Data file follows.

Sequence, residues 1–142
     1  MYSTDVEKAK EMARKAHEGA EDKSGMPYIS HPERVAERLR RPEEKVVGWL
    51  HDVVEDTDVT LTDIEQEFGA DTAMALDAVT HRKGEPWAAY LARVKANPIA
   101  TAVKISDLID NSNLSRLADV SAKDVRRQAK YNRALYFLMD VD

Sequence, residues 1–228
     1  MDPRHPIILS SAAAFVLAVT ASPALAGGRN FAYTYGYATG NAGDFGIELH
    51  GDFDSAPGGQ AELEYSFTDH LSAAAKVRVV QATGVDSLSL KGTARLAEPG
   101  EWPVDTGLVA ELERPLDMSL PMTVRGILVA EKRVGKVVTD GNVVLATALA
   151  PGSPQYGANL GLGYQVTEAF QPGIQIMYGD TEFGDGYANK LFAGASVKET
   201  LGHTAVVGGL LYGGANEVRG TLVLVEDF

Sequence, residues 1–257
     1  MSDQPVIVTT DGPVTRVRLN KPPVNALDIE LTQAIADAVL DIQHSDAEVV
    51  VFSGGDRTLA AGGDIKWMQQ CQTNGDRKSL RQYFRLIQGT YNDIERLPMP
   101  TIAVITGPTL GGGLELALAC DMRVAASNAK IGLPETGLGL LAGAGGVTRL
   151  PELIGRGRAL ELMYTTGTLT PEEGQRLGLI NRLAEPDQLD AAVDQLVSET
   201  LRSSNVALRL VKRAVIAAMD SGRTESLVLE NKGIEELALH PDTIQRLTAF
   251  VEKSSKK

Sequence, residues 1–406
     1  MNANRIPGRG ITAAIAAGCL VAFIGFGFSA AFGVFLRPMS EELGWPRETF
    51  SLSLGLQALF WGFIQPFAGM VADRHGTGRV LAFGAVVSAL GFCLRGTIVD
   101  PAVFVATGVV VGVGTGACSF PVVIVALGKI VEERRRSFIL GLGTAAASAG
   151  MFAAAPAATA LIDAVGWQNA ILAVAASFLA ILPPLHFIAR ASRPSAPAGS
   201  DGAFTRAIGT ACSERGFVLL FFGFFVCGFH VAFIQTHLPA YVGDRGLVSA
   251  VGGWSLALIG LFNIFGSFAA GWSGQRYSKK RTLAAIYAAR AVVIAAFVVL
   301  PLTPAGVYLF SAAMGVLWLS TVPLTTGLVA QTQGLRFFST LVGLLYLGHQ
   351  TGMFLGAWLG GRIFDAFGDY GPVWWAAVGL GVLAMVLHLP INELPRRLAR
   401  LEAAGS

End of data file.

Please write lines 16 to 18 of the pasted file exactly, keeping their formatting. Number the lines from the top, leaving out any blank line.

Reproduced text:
   201  LRSSNVALRL VKRAVIAAMD SGRTESLVLE NKGIEELALH PDTIQRLTAF
   251  VEKSSKK

Sequence, residues 1–406